The National Federation of Independent Business’s (NFIB’s) small business optimism index ended September at 103.0, the lowest headline reading in almost a year and the largest monthly decline since June 2015. Under the hood, six of the ten main components that make up the sentiment gauge deteriorated last month, including sharp declines in surveyed owners’ expectations for sales growth and capital expenditures.
Although disappointing, NFIB chief economist William C. Dunkelberg stressed that much of the weakness in September was due to hurricanes Harvey and Irma and added that “recovery spending will provide a significant boost to economic activity in the fourth quarter and into 2018, reducing the odds of a recession next year.” As for small business labor conditions, net job creation turned negative last month for the first time since June but this was offset by reported hiring plans lifting to a record high. Moreover, a greater share of surveyed small business owners said that they plan to boost worker compensation in the coming months, not surprising with almost half of respondents complaining about few or no qualified applicants for open positions.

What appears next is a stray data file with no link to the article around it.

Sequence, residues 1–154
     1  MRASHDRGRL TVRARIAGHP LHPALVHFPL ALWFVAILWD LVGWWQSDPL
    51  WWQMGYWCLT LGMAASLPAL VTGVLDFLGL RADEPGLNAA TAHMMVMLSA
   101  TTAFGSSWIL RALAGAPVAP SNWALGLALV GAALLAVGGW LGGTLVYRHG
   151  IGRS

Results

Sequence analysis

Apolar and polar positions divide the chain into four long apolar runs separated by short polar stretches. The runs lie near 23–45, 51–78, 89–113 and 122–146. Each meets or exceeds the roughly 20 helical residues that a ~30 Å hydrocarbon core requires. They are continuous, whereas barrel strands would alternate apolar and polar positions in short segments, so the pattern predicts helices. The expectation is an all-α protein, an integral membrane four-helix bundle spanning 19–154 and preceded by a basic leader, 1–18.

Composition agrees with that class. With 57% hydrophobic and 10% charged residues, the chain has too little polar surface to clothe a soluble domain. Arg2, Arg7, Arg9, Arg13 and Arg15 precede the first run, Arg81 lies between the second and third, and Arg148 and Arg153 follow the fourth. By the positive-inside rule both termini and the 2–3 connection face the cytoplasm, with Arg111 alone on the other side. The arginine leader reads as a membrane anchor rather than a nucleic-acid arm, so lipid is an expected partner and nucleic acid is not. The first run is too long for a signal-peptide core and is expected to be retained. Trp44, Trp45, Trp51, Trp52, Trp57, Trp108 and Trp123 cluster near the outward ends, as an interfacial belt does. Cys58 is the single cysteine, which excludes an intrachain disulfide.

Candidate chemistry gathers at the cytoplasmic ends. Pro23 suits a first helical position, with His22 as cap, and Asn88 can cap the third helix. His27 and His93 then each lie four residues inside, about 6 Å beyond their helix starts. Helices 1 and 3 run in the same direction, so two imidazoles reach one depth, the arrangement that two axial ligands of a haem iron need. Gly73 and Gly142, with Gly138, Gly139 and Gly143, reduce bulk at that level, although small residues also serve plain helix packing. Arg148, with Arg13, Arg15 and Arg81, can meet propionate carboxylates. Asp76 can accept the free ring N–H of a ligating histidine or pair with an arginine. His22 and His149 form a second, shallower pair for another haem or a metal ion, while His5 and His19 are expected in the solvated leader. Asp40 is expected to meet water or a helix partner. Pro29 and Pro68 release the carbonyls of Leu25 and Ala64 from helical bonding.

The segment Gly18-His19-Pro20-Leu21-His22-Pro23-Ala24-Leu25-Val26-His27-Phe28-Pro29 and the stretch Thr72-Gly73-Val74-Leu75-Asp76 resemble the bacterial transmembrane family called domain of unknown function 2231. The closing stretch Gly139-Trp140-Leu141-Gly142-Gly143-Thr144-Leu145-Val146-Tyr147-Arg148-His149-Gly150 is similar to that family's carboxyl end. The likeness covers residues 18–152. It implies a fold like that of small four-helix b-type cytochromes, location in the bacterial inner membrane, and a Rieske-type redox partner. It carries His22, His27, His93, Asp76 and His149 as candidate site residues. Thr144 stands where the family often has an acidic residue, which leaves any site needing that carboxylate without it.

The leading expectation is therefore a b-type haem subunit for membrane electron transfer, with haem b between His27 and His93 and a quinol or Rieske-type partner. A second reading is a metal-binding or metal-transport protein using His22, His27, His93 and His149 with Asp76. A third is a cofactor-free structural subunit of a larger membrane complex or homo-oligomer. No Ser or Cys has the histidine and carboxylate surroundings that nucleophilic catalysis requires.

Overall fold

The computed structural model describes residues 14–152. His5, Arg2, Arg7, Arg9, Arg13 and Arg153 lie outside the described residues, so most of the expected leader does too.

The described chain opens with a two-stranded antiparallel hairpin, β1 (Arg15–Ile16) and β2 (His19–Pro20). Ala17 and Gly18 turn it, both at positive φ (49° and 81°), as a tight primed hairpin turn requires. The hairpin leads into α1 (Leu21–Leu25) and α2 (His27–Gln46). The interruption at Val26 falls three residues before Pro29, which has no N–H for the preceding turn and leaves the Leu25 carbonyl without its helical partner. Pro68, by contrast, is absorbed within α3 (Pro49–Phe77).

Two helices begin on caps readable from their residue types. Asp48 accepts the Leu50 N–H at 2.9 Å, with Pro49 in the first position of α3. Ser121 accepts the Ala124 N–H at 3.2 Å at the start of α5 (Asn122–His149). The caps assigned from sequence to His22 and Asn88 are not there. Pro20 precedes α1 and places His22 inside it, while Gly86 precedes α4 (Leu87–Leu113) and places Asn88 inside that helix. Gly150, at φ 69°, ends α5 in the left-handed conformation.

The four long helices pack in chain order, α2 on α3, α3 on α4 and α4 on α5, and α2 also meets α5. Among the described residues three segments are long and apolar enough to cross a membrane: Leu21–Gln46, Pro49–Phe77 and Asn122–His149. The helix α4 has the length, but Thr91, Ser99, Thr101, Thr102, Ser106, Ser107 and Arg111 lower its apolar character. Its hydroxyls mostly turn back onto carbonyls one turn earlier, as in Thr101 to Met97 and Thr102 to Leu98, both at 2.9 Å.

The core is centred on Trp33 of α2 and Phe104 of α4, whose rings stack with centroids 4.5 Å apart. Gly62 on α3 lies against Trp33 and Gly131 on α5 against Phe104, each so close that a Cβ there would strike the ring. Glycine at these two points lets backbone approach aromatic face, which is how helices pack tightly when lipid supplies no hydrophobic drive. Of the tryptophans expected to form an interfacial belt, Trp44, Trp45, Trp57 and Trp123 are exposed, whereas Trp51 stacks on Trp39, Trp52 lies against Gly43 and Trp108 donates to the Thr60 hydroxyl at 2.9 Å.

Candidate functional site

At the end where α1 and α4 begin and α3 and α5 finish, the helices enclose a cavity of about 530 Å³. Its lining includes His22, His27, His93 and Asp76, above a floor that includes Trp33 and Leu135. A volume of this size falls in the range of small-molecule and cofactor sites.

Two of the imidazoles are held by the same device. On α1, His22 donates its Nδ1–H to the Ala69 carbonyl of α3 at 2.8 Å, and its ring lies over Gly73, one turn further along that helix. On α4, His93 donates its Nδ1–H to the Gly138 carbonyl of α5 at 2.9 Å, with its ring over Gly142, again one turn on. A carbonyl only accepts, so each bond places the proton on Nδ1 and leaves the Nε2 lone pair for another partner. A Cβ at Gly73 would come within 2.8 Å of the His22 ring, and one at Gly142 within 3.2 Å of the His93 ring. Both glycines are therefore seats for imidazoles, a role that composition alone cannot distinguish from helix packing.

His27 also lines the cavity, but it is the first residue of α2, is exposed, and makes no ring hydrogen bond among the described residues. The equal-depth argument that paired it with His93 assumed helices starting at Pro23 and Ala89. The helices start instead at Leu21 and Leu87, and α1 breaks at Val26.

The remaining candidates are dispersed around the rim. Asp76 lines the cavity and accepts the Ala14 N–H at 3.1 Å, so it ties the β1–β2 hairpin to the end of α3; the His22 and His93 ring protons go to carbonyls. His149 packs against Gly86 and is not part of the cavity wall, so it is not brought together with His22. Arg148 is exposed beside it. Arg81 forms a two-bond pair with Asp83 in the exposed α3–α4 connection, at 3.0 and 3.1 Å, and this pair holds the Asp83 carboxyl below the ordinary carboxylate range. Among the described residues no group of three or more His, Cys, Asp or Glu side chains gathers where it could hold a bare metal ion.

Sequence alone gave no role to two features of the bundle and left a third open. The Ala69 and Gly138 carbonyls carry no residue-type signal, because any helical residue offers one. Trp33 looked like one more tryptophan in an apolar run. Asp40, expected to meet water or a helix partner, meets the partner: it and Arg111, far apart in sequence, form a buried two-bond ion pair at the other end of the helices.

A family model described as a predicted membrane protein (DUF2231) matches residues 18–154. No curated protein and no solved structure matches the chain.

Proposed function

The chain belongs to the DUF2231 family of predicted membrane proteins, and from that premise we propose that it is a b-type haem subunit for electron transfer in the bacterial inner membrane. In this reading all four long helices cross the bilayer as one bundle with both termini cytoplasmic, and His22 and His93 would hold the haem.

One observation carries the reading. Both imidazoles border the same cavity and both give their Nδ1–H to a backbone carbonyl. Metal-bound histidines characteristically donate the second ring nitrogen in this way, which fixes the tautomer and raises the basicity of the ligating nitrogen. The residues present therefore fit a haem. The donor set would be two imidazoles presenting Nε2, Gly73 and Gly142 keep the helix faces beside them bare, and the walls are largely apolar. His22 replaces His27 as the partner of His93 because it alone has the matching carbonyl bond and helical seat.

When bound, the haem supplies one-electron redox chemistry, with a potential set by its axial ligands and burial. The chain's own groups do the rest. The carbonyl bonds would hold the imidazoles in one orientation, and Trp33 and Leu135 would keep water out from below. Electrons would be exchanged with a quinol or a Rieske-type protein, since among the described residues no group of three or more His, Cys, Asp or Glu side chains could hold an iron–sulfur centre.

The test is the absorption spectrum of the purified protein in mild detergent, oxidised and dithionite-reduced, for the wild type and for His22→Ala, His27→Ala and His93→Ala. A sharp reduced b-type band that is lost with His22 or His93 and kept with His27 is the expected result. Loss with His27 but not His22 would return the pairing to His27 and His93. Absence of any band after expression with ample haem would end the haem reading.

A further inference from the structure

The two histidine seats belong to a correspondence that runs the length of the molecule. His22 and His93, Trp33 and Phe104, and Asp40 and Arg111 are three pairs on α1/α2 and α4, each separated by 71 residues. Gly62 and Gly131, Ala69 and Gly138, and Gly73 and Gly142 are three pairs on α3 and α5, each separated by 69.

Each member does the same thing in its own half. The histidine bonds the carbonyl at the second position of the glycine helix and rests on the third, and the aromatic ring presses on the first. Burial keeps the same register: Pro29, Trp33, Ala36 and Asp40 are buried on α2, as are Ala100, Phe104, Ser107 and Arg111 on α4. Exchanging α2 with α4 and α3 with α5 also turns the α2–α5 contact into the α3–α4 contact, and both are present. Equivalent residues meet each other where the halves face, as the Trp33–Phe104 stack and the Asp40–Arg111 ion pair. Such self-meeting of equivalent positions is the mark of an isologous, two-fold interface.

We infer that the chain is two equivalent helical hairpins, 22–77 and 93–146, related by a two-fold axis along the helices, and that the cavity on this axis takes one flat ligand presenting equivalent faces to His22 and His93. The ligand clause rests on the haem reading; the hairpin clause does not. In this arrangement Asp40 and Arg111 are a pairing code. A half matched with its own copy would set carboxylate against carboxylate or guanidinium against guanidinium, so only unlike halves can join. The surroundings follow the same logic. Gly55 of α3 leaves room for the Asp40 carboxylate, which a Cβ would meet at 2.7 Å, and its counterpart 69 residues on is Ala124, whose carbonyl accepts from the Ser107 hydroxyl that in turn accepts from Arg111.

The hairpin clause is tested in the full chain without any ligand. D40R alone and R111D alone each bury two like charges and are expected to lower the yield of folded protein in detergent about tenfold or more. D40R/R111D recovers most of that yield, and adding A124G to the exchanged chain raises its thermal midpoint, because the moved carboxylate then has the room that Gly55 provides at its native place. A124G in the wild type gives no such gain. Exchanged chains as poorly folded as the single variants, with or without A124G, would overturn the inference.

Sources: NFIBPost author: Charles Couch